There is a digital divide in America. Households in the bottom 20 percent of incomes are five times more likely not to have access to broadband than those in the top 20 percent. Yet this divide is often thought of as a rural versus urban divide. Yes, it’s expensive and difficult to run cables to every rural…
Everybody wants faster internet. Instead of investing in better technology like fiber, however, providers like Comcast seem intent on trying to squeeze more out of their aging cable networks—and charging customers higher and higher fees for marginally better speeds. The latest example of this irksome trend comes from…
I pay Time Warner Cable $70 a month for broadband that works 70-percent of the time. Just for fun, I recently upgraded to the company’s best, fastest service—300 Mbps—and guess what. After a year of speed tests, I can confidently say that I don’t get those speeds. Ever.
If you’re living with high-speed internet in one of Google’s Fiber cities, your landline telephone might yet live to see another day. Today, Google announced Fiber Phone, a cloud-based phone number you can use from any tablet, laptop, or phone—including a landline. It’s like Google Voice on bad steroids.
Think your fiber is fast? Think again: A team of engineers has smashed the world record for sending data down an optical fiber at room temperature when using a new breed of laser, achieving speeds of up to 57 Gbps.
Aereo was the bad boy of the cord-cutting revolution, until it was declared unlawful by the Supreme Court and scrapped for parts. Undeterred by that monumental setback ex-CEO Chet Kanojia has another idea ready to challenge the status quo—and it’s a system called Starry.
AT&T has been offering gigabit-speed fiber internet since 2013, but unless you got very lucky with the internet genie, you probably haven’t been in the service area. Starting today, 38 cities will have the chance to download their Steam games really quite fast.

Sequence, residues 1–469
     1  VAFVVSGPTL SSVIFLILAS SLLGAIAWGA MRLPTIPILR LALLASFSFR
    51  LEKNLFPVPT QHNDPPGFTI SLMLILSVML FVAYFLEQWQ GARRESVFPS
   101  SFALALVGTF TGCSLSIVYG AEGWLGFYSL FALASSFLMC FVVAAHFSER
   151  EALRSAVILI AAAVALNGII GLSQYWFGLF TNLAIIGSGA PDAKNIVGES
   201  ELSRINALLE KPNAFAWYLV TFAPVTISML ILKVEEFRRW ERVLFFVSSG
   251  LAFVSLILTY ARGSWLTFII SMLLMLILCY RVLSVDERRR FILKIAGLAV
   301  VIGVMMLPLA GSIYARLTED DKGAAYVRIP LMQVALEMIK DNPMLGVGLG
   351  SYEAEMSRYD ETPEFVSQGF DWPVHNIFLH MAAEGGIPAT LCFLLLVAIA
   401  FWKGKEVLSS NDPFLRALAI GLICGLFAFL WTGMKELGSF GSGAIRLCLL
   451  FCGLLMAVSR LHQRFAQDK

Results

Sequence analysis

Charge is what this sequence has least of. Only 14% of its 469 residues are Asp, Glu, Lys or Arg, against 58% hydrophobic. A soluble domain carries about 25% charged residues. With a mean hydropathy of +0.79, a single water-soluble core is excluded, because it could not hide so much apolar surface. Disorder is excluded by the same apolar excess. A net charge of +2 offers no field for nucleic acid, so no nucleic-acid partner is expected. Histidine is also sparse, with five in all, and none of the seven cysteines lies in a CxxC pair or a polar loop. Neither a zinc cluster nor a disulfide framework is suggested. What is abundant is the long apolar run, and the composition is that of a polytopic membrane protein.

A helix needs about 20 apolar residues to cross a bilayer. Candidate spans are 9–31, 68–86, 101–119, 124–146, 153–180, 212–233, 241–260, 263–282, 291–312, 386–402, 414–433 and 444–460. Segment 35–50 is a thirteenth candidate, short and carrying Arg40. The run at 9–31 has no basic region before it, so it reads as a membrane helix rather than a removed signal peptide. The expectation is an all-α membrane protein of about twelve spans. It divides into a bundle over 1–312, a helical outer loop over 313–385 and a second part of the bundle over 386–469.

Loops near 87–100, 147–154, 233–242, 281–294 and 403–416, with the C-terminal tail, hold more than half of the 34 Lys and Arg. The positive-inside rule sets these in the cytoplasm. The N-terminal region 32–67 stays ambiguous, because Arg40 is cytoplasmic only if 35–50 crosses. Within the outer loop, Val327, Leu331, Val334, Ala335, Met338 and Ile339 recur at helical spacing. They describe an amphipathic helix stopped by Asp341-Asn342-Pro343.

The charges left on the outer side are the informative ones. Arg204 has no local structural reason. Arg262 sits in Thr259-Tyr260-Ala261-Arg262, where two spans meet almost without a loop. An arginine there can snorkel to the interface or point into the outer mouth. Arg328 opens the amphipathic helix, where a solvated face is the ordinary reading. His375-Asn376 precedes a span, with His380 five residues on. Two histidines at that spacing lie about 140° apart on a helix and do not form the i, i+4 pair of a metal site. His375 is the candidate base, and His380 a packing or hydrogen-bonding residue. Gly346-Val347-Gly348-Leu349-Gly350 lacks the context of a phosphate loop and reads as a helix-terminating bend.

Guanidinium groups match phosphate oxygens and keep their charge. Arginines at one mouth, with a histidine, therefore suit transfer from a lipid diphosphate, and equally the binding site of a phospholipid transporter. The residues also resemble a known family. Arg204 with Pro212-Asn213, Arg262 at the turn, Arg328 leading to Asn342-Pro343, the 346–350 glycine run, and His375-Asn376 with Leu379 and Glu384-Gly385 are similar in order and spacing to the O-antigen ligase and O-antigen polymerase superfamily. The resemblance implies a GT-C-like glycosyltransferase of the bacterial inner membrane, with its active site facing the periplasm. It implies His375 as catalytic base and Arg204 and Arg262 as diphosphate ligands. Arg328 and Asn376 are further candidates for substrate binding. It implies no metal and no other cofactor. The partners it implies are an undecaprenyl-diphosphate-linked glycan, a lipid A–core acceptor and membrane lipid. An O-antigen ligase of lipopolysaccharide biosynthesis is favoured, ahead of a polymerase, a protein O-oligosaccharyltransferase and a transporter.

If you live in New York City, you most likely don’t have access to Verizon’s very 21st-century fiber optic internet service, FiOS. And you should be because Verizon told the city in a contract that it would deliver fiber to every household by 2014. As of today 75-percent of New York City is still without FiOS.
Insulting news, residents of Chattanooga! Comcast will soon offer its 2 Gigabit-per-second fiber internet service to some 200,000 customers in the area. Why insulting? Because just a few years ago Comcast sued Chattanooga’s utility board for building a fiber network, forcing residents to use its own super slow…
Down is the most effective commonly-available insulator for outdoors apparel. But, it’s also expensive, loses its ability to insulate when wet (if untreated) and — there’s no way around this — is horribly cruel to most of the ducks and geese who donate their underfeathers. Now, there may be a real alternative:…
As Verizon inches towards the end of its long-promised FiOS expansion, we can finally get a look at all the places these heavily trumpeted fiber cables have actually ended up. Behold the final(ish) Verizon FiOS Fiber map. It's bleak as hell.
President Obama glad-handed some network engineers in Cedar Falls, Iowa today. No, it was not a campaign stop. (He's done running for president.) The commander-in-chief's visit to the local utility office of Iowa's first gigabit city is a mission statement: America needs more internet service providers that aren't…
Twisted laser beams may just be the key to unlimited bandwidth in the future—and now a team of scientists has used them to beam data through the air, from one side of Vienna to the other.
It's not all about Google Fiber: Cincinnati Bell is now offering gigabit internet to customers in its home town, too.
Between the net neutrality debate and the Comcast/TWC merger, high-speed Internet access is getting more attention than ever. A lot of that attention is negative, and rightly so: Internet access providers, especially certain very large ones, have done a pretty good job of divvying up the nation to leave most Americans…
AT&T's plan to roll out next-gen fiber optic cables nationwide as a replacement for its traditional copper-based telephone networks is great in most respects—save for the fact that it won't support the government's special telephone service for national emergencies.
Google is planning to offer Wi-Fi networks in the cities where it supplies fiber internet, according to documents being circulated to the next 34 cities on Mountain View's broadband hit list.
This cute little green cable may look innocuous, but it can carry data along its core at a breathtaking 800Gbps.